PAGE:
Alchemy is often taken to be synonymous with bad science and it is true, most of the science associated with alchemy was bad. Sometimes they got lucky and uncovered a truth, but most of the time the reasoning was flawed, or the experiment was flawed, or both were flawed. Why was this? Because the goal of alchemy was never science to begin with. It was to find the philosopher's stone. To turn lead into gold. The goal of science though is to understand nature just for the sake of understanding nature. If the truth is that you can't turn lead into gold and you understand that truth, and better yet, why that is true, then that is good science, but bad alchemy.
The goal of most education research is to make students smarter. This is not a scientific goal. This is why education research results in so much bad science. You can't do "science" when you have an ulterior motive.
Rule: Whenever you read a paper that claims to be science but the goal is not science then the paper is not science.
The bottom line is this. If a paper is trying to support a philosopher's stone then it isn't science. It is alchemy and alchemy is not science. Science works in the opposite direction of alchemy. First you understand, with some degree of detail, what makes some students smart and some not and then you understand if it is possible or not to change students. And the goal is that understanding alone. Nothing else.
I think education would serve students better by focusing on what they each do best.
On Oct 24, 2013, at 6:04 AM, Robert Hansen <email@example.com> wrote:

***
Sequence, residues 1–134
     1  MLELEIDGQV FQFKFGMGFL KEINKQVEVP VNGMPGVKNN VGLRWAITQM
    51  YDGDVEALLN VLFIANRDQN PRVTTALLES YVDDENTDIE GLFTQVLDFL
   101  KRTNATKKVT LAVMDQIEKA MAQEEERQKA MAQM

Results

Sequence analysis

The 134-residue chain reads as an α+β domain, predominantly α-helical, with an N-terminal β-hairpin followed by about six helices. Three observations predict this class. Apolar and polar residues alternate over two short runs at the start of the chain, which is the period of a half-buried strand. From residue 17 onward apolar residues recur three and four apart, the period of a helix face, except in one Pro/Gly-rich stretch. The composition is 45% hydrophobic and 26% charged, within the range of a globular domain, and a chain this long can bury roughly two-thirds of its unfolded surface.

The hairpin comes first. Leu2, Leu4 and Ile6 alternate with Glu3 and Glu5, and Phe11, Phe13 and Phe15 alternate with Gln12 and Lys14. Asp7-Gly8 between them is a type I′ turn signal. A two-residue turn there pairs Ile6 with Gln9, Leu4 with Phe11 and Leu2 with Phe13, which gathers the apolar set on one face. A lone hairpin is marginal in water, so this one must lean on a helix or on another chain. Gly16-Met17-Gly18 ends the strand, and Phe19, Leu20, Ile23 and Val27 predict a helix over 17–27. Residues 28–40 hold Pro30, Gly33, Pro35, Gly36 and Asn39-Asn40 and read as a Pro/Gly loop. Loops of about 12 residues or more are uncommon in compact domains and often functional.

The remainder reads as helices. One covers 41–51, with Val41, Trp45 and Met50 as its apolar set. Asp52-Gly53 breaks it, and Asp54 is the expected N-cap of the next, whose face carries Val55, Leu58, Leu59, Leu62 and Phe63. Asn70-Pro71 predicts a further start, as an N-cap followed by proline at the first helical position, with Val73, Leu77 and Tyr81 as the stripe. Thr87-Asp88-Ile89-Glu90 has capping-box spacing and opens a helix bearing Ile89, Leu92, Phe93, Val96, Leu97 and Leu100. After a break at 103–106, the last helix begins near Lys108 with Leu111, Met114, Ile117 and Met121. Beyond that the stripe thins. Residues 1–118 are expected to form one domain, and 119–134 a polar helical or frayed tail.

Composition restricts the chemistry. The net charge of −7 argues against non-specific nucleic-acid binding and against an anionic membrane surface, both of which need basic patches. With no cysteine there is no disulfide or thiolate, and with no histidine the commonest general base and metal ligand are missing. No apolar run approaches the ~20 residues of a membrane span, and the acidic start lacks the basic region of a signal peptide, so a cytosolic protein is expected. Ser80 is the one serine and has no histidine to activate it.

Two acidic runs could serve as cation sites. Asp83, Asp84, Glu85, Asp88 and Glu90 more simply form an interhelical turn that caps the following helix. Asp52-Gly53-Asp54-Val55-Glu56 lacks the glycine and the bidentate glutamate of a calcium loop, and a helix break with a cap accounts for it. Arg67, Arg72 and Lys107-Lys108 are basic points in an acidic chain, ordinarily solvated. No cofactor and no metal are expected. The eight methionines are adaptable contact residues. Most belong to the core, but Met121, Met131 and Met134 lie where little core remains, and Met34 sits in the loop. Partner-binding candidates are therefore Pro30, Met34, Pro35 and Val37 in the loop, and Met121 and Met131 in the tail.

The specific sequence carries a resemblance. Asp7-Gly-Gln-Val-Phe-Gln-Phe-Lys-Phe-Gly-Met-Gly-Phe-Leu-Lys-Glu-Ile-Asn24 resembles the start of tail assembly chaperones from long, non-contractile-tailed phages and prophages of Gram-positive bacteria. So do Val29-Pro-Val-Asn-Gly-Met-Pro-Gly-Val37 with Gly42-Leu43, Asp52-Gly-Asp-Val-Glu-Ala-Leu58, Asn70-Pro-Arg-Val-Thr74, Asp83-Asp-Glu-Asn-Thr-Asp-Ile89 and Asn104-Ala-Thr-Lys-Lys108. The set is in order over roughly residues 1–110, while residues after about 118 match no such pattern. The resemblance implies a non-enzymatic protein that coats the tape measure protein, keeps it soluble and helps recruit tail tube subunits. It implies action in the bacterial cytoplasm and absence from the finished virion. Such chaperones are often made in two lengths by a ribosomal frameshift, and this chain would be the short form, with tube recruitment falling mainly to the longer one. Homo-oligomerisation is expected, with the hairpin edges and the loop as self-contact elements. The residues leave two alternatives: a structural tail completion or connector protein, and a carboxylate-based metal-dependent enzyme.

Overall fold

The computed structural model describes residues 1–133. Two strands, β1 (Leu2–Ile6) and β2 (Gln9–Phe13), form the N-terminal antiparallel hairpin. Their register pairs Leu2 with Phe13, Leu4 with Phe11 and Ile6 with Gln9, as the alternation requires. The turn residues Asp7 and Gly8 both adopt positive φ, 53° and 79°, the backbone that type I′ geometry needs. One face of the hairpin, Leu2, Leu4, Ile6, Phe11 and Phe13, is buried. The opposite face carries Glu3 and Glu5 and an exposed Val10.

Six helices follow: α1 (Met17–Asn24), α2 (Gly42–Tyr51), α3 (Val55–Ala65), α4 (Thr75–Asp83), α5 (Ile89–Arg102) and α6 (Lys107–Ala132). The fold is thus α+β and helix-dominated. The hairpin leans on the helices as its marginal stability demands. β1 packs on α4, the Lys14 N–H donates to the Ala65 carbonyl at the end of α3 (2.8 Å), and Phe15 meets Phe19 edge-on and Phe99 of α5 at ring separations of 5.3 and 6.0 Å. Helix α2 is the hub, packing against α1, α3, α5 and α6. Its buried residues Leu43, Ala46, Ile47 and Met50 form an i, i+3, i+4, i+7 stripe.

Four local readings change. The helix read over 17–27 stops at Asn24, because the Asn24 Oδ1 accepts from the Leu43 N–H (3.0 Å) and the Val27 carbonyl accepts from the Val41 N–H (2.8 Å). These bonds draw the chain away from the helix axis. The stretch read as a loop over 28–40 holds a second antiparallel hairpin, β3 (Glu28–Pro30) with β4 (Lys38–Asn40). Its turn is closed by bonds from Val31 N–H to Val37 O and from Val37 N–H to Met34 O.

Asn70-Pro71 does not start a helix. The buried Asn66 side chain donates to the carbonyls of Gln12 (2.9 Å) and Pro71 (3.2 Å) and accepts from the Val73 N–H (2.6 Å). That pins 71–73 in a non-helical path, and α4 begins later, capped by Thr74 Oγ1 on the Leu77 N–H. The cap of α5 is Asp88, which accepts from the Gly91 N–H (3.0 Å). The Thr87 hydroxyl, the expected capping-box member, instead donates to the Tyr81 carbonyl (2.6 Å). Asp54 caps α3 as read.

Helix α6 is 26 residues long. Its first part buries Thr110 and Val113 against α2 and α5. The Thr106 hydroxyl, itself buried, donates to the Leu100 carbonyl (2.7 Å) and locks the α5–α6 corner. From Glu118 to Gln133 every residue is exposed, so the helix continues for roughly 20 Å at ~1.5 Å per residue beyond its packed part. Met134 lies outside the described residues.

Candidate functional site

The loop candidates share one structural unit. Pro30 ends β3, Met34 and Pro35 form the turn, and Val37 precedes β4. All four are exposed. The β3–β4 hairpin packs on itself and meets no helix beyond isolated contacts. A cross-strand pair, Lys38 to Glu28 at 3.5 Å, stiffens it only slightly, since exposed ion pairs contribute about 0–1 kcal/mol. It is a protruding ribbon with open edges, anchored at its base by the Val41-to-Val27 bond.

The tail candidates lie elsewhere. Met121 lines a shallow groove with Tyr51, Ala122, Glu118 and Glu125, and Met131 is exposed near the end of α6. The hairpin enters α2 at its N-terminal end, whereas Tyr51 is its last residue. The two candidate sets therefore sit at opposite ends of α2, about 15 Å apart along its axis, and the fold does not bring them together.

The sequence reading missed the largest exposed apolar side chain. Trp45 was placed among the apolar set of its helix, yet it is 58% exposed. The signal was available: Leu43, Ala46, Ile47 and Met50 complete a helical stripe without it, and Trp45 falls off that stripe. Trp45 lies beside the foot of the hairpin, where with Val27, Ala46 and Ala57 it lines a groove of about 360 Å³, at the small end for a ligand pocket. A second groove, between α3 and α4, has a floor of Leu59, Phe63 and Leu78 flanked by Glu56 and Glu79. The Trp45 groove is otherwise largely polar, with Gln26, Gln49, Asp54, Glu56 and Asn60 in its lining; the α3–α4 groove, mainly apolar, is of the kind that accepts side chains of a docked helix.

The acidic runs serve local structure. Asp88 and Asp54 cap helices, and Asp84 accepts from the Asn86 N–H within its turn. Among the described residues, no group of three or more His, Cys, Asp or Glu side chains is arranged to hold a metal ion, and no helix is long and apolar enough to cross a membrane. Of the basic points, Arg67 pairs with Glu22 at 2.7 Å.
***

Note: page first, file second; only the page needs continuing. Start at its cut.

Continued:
> The monkey sense is important? > > Try this instead... > > "Math smart kids show their gift early, even with primitive tasks like comparing quantities and counting." > > "Music smart kids show their gift early, even with primitive tasks, like clapping and singing." > > "Sports smart kids show their gift early, even with primitive tasks, like running and catching." > > The list goes on. > > Even you, especially you, must see the fallacy of making monkey-sense "important" in all this. > > The key to these things isn't primitive senses. It's the gift, which is much bigger than those primitive tasks. > > Now, when you read this, you might (if you are lucky) think "Yeah, that is be a much simpler explanation. How come that isn't what is being written?" > > The answer to this is that the "science" of your noble profession is so infected and rotten with politics, it isn't even rational anymore. > > Bob Hansen > > > > On Oct 23, 2013, at 9:09 PM, Louis Talman <firstname.lastname@example.org> wrote: > >> http://www.sciencedaily.com/releases/2013/10/131022170828.htm >> >> >> - --Louis A. Talman >> Department of Mathematical and Computer Sciences >> Metropolitan State University of Denver >> >> <http://rowdy.msudenver.edu/~talmanl>